Apple drives its newest operating system north — WAY north

Apple engineers are reportedly working on a car operating system in Canada, not Cupertino.

More than two dozen of the engineers working on the project hail from Blackberry Ltd.’s QNX, according to a Bloomberg repor t, citing several anonymous sources close to the situation. The Apple office is a close walk from the QNX offices, in the Ottawa suburb of Kanata. QNX is a leading automotive software provider.

The self-driving car operating system would serve as the software core for an upcoming Apple car platform, similar to how iOS runs an iPhone. Another Apple team working on the software that would run these self-driving cars, per one of Bloomberg’s sources. Apple engineers have plans to create a display that would feature apps managed by the company’s digital assistant, Siri.

Apple hired the QNX employees due to their experience developing the components of operating systems and power management, per Bloomberg, citing a former QNX executive. The most high-profile Apple hires from QNX include its CEO, Dan Dodge, and Derrick Keefe, who left QNX in 2015 after a decade as a senior engineer.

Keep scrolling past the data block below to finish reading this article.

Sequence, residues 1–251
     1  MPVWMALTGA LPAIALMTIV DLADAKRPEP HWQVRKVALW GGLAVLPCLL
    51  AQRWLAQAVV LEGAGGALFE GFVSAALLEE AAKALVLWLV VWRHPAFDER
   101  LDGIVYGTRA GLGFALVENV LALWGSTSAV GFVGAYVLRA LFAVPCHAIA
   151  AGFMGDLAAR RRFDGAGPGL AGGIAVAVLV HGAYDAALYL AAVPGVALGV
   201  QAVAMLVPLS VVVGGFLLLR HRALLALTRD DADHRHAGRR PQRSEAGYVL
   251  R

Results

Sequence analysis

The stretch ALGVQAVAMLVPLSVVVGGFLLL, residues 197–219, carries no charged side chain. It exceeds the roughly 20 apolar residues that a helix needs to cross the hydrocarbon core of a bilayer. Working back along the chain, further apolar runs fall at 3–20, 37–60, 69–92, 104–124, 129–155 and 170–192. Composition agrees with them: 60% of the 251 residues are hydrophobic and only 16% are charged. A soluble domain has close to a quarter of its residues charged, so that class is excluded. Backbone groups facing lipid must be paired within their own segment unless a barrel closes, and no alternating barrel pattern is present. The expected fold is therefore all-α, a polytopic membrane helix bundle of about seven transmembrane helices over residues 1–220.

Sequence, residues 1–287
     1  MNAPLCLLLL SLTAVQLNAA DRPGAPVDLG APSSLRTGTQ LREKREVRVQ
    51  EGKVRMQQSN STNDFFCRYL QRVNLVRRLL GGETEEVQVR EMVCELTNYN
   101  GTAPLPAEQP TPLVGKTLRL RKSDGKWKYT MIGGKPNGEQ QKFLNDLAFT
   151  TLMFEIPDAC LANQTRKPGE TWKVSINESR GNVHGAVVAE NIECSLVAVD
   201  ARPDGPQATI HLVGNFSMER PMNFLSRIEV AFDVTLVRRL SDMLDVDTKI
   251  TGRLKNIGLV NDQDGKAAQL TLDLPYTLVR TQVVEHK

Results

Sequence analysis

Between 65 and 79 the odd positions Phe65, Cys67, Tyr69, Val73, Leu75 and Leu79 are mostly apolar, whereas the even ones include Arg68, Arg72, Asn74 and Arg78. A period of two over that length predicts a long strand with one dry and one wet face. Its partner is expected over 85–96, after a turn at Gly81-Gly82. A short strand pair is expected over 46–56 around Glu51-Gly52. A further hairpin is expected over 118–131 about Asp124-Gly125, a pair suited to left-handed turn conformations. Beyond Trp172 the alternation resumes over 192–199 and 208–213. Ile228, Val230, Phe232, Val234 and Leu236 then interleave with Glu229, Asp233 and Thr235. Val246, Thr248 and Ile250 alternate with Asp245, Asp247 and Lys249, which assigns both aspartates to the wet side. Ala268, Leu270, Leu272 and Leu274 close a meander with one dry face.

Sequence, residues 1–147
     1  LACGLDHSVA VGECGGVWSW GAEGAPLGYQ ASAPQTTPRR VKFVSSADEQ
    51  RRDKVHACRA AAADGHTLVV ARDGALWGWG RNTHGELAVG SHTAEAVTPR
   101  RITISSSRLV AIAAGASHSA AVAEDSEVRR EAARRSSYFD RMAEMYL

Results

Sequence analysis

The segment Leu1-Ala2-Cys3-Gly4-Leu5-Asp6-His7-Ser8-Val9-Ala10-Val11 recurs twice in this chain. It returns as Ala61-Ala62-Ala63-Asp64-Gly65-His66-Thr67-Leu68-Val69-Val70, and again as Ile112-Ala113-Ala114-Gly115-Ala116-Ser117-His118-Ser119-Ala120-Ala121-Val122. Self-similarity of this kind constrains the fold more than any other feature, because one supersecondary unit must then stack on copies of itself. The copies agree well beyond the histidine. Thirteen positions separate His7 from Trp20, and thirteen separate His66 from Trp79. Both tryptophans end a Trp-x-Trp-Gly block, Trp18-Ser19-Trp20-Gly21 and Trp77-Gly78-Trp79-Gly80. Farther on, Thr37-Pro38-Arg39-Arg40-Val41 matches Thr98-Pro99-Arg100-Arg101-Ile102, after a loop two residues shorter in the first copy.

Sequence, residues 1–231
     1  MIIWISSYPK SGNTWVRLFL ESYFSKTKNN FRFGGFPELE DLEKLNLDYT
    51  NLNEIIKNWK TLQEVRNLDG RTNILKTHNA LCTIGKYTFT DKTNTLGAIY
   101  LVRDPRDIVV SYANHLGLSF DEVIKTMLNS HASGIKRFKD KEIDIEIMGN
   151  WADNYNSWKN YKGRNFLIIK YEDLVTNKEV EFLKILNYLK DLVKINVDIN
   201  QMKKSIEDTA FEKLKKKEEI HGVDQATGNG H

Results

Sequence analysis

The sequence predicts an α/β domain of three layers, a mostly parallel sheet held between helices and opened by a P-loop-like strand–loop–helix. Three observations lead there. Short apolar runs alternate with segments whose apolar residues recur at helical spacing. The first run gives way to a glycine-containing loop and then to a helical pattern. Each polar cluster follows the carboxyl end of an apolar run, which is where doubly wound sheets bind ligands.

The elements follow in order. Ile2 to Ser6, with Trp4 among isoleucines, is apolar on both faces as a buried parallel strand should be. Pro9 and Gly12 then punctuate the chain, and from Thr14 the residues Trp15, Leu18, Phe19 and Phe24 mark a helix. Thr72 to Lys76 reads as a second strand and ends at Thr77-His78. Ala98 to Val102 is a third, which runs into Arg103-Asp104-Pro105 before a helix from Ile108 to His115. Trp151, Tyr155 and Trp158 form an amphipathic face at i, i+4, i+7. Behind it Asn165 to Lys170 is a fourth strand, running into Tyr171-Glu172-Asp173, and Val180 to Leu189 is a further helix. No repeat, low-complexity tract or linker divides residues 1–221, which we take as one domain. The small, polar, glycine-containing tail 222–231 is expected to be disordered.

News that Apple is still pursuing a car operating system comes as hundreds within the company’s secret auto unit have reportedly left or been reassigned in recent months as the tech giant scales back its plans and gives up on building its own cars. Last week, Bloomberg cited unnamed sources who said that the car team has been given until late next year to prove the feasibility of the self-driving system it has been working on and decide on a final direction.

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Titan was launched in 2014 amid reports that Apple could produce a vehicle by the early 2020s and do for cars what it did for mobile communications with the iPhone. That would give it a piece of an auto industry that consultant McKinsey & Co. estimates will be worth $6.7 trillion by 2030.

But a few on the Apple leadership team may be giving up on manufacturing automobiles because it’s simply too difficult. Titan project head Steve Zadesky, a former Ford Motor Co. engineer and early iPod designer, left the team earlier this year but is still with the company. Dan Riccio, who already oversees engineering annual iPhone, iPad, and Mac refreshes, was handed the reins but brought in Bob Mansfield, who helped develop the original iPad, to lead Titan on a part-time basis.

[Source:-Silicon Valley]